Maria Theresa was the first Jacobite heir-general since James Francis Edward Stuart (1688-1766) who could (but for her religion) also have claimed to be a natural-born citizen of Great Britain. While she was not born on British soil, as James had been, Maria Theresa was a descendant of the Electress Sophia of Hanover. Under the terms of the Sophia Naturalization Act 1705, the Electress Sophia and all "issue of her body" were declared to be natural-born British subjects, regardless of the actual place of their birth, unless they were Roman Catholics (or, as the Act called them, Papists). The 1705 Act was not repealed until 1948 and, consequently, Maria Theresa would have been covered by its provisions.

Following her death in 1919, Maria Theresa's son Rupprecht, Crown Prince of Bavaria inherited the Jacobite claim. Like his mother, he and his descendants have also refrained from pressing their claims to the British throne.

Titles, styles, honours and arms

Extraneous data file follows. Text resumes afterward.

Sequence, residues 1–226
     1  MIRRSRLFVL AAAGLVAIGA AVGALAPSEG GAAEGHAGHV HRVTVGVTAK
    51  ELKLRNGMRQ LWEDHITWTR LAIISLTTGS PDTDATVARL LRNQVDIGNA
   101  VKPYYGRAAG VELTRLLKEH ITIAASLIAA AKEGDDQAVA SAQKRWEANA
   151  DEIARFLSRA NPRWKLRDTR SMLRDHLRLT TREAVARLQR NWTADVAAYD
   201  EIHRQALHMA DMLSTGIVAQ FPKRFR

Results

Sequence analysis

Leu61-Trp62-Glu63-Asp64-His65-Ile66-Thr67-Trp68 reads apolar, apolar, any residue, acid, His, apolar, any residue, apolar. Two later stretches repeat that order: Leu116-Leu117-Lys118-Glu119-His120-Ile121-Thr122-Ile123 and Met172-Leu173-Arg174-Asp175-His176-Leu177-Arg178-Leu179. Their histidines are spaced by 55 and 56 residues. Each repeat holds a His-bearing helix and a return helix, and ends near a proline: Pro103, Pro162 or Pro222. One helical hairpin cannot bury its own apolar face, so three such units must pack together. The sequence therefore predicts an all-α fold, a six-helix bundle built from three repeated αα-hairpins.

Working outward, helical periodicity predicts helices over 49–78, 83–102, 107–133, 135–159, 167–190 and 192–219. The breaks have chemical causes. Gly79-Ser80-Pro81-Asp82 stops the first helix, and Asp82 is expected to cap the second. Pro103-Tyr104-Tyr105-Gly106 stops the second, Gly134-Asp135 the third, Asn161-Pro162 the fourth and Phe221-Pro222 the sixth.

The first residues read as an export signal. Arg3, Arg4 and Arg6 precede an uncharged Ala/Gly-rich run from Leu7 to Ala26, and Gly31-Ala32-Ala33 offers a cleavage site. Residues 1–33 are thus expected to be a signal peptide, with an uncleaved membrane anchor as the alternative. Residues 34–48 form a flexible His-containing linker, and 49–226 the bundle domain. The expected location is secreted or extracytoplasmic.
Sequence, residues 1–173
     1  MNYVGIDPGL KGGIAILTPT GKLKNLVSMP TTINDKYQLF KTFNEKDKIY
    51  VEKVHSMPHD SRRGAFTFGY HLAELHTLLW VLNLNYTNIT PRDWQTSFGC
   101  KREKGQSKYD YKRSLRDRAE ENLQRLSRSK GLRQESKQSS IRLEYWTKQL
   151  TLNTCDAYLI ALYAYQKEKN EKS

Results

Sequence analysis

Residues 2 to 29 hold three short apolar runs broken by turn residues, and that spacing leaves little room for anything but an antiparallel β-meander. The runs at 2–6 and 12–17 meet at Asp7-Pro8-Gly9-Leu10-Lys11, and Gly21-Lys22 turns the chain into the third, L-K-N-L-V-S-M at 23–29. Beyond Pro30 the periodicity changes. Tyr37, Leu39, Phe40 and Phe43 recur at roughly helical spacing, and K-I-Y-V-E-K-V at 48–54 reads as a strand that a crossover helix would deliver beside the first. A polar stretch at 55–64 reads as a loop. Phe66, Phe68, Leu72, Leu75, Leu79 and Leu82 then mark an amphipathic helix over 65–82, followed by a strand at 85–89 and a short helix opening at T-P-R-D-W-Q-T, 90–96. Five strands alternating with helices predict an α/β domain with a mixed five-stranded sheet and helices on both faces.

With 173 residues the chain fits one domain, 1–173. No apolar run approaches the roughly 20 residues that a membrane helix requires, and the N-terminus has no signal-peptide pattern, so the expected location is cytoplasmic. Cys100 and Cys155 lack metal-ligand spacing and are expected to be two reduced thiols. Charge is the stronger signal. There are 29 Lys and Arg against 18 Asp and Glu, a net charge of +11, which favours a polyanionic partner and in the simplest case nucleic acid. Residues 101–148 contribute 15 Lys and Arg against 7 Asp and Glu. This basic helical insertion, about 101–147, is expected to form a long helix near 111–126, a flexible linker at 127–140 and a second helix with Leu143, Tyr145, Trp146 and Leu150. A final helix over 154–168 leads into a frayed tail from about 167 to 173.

Titles and styles

  • 2 July 1849 – 20 February 1868: Her Imperial & Royal Highness Archduchess Maria Theresa of Austria-Este
  • 20 February 1868 – 5 November 1913: Her Imperial & Royal Highness Princess Maria Theresa of Bavaria
  • 5 November 1913 – 13 November 1918: Her Majesty The Queen of Bavaria
  • 13 November 1918 – 3 February 1919 : Her Majesty Queen Maria Theresa of Bavaria
    • Jacobite, 20 November 1875 - 3 February 1919: Her Majesty The Queen of England, Scotland and Ireland


  •  Kingdom of Bavaria : Sovereign of the Order of Saint Elizabeth (feminine order)
  •  Spain: 813th Dame of the Order of Queen Maria Luisa (feminine order)


The contents of this page are sourced from Wikipedia article. The contents are available under the CC BY-SA 4.0 license.